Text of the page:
Clinical outcome of macaques infected intravaginally with R5 SHIV SF162P3N
Challenge dose; frequency
Time to necropsy (weeks)
Faster disease progression correlates with increase number and complexity of transmitted founder viruses
Summary of the estimated number and genetic diversities of T/F variants in SHIV SF162P3N ivg-infected macaques
Sampling time point (wpi)
vRNA (copies/ml plasma) at time of sampling
No. of env sequences analyzed
No. of identified T/F viruses
Mean env diversity
T/F viruses in chronic progressors are more macrophage-tropic than those in rapid progressors
By characterizing a cohort of R5 SHIVSF162P3N-ivg infected macaques that display distinct clinical outcomes, here we show that a specific viral variant in the challenge stock was not consistently transmitted by intravaginal inoculation and the relative dose of the inoculum did not correlate grossly with the number of variants transmitted. Transmission of multiple and genetically diverse viral variants from the inoculum however is associated with higher peak and chronic viral load as well as accelerated rates of disease development. Moreover, macrophage tropism of the transmitted/founder virus contributes to the establishment of a persistent infection.
A correlation between peak viral load and the number of transmitted viruses was observed for macaques infected intrarectally with SIVsmE660 and SIVmac251 , a finding that is recapitulated here in our R5 SHIV vaginal transmission model in which SHIVSF162P3N-infected RPs had the highest peak viremia and numbers of T/F viruses. Furthermore, co-infection with divergent HIV-1 subtypes has been associated with more severe disease progression in human [16, 18], and heteroduplex tracking assay analysis showed that women who acquired multiple variants from a single source had a significantly higher chronic viral load and lower CD4+ T cell count compared to women who were infected with a single viral genotype . Our study extends these early observations by showing that the number of variants, sequence diversity and macrophage tropism of the T/F populations also contribute to higher steady-state levels of HIV-1 virus replication and faster disease progression. Since viral diversity was examined, in most cases, at the first vRNA positive time point (1–2 weeks post-challenge), the finding of higher levels of acute viremia (2–3 wpi) in monkeys with genetically diverse viruses is most likely due to transmission of multiple envelope genotypes and not the result of viral turnover of highly infectious transmitted viruses. Indeed, we did not find statistically significant differences in the ability of T/F Envs from the CP and RP macaques to mediate entry into mitogen-stimulated PBMCs that would be suggestive of differences in the infectiousness of their T/F viruses. Collectively our data establishes a role of T/F quasispecies diversity in HIV-1 pathogenesis.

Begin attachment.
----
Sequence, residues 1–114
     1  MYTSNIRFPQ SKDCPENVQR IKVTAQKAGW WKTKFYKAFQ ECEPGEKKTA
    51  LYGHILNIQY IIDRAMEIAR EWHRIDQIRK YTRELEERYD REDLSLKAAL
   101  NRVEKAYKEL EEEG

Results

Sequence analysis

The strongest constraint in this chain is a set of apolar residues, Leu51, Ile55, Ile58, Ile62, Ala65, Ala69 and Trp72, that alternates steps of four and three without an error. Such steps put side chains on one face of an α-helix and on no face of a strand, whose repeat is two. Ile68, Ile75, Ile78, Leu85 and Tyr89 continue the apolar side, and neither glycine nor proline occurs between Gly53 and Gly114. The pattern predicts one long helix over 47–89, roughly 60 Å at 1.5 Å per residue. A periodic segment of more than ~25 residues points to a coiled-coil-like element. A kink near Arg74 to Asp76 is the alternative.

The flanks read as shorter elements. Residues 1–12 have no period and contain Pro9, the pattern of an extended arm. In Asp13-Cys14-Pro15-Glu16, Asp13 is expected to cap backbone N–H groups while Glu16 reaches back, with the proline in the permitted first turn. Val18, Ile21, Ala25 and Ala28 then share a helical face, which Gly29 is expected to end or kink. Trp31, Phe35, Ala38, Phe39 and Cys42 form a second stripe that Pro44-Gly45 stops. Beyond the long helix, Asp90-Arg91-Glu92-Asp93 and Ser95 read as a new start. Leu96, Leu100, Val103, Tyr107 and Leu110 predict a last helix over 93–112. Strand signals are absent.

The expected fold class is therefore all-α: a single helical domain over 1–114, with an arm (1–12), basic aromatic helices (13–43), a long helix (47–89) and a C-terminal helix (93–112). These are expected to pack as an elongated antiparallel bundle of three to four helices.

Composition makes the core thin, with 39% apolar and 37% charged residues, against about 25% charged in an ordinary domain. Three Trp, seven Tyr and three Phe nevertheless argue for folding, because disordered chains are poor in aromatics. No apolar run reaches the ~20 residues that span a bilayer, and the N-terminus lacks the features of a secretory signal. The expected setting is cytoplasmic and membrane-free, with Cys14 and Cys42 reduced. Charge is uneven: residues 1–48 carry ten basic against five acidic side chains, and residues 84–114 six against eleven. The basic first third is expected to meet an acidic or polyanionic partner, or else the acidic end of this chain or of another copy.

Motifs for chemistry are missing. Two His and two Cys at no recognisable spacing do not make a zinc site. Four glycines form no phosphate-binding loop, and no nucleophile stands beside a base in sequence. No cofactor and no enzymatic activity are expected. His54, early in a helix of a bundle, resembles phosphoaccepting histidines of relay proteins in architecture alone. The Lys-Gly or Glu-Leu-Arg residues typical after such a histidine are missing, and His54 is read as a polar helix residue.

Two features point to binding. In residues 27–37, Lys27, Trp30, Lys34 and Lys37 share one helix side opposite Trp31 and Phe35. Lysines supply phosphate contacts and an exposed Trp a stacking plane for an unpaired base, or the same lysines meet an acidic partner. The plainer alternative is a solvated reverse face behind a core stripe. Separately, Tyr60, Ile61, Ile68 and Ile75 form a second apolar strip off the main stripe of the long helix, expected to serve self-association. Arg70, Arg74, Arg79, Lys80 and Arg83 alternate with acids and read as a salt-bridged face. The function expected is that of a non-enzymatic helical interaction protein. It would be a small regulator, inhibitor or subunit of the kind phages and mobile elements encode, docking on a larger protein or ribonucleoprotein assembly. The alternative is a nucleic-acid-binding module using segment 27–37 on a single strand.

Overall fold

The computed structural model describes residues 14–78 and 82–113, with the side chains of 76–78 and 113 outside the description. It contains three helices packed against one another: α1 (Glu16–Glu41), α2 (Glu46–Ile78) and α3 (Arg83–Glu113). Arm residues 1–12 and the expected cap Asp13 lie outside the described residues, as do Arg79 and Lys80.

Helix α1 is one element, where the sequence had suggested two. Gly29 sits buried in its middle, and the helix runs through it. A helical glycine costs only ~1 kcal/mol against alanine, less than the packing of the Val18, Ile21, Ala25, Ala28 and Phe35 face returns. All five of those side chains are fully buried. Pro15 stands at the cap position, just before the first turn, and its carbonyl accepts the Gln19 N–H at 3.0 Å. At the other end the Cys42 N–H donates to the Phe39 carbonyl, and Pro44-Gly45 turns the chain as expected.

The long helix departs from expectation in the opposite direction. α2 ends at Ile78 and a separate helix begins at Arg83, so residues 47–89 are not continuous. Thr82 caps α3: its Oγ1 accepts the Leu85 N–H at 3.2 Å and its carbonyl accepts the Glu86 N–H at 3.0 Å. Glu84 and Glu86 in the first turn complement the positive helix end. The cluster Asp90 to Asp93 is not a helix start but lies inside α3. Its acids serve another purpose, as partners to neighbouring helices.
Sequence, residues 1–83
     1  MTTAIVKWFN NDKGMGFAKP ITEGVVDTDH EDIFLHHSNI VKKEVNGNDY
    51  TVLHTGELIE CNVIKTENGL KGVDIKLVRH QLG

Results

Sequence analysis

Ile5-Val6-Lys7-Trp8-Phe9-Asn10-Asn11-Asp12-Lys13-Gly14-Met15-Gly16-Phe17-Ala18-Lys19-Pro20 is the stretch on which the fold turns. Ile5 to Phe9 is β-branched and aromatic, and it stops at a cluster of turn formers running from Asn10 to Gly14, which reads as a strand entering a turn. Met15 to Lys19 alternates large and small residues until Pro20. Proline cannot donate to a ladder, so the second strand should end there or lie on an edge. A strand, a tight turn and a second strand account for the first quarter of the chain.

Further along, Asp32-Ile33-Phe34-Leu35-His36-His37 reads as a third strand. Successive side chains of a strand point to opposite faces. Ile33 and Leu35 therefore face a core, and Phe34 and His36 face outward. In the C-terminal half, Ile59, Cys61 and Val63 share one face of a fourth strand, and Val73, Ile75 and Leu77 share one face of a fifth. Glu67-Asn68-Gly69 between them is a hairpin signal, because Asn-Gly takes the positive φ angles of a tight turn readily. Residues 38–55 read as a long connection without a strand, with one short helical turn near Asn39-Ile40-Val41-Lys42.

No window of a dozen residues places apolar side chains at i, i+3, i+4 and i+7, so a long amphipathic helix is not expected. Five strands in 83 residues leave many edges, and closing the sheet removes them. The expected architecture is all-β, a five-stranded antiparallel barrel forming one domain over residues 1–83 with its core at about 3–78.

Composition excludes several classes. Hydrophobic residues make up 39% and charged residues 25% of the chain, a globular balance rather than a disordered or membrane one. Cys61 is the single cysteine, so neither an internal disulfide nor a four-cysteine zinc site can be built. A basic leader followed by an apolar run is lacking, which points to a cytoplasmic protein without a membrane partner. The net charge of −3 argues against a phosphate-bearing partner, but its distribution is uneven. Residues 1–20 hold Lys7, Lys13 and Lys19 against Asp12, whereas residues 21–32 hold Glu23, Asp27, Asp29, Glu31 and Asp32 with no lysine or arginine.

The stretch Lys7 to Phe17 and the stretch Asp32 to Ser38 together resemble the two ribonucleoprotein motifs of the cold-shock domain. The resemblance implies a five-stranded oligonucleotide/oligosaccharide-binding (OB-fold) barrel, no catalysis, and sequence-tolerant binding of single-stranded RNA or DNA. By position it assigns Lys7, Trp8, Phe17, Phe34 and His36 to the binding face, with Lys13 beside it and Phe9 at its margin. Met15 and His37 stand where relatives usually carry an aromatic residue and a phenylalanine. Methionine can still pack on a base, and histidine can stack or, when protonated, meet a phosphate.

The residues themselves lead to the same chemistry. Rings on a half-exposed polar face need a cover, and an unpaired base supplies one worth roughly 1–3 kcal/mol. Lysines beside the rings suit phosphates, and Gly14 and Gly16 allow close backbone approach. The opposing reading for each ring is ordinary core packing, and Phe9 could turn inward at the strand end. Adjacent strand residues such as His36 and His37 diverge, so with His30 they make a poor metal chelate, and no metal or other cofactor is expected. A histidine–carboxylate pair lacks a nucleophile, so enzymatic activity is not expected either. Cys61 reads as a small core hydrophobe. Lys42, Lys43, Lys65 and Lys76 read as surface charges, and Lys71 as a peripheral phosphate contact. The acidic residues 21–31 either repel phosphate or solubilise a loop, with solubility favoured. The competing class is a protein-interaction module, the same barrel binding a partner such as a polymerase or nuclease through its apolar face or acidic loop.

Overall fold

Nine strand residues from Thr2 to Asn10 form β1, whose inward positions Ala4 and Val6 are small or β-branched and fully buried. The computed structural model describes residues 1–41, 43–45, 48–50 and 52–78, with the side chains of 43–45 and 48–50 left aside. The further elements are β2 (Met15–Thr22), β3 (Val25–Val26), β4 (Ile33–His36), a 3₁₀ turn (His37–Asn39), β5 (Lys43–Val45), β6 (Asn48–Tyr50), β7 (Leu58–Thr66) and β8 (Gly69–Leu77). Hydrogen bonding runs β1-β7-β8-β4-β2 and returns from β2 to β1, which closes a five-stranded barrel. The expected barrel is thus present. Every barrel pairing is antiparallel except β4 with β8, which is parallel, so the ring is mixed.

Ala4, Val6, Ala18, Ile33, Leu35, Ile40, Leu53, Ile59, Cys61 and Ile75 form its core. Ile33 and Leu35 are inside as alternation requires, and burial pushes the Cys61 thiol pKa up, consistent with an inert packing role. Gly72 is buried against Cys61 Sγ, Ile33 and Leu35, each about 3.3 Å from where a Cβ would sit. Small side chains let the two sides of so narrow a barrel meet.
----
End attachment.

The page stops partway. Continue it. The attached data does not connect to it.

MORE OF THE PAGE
The number of T/F variants in our study is likely to be underestimated, since only the gp120 V3-V5 sequences were analyzed. Nonetheless, an association between transmission of diverse population of SHIV variants, higher viral burden and rapid disease progression was seen, supporting a scenario whereby viral quasispecies that are more fit and capable of escaping early host selective pressures are generated through recombination and cooperative interactions between the transmitted variants. Multiple variant transmission represents a significant fraction of transmission events: 24% and 22% for subtype B and C sexually infected men and women, respectively [17, 23]. Factors that influence transmission of diverse viruses however are unclear. Biological factors such as gender, viral subtypes, routes of transmission and the presence of STDs can affect multiple variant transmission frequencies. The impact of these factors however is controlled in our study where female macaques were infected via the same route and with the same virus stock in the absence of STDs. Multivariant transmission susceptibility could also be influenced by age, vaginal flora and timing of the menstrual cycle before challenge , parameters that were not controlled for in our small cohort study. Moreover, polymorphisms in alpha-interferon (IFN-α) induced restriction factors such as TRIM5-α, APOBEC3G, tetherin and MX2 that affect their expression levels and/or functions may also play a role [50–52]. Indeed, a recent study showed that compared to chronic viruses, subtype B but not subtype C T/F viruses in human are more resistant to IFN-α . However, we did not find any differences in the IFN-α sensitivity of HIV-1 NL4-3 reporter genome pseudotyped with T/F Envs from the RP and CP rhesus (unpublished observations). Studies using full-length infectious T/F molecular clones and in a larger cohort of ivg-infected macaques therefore will be needed to determine the effect of varying biologic and innate host factors in multivariant transmission frequency.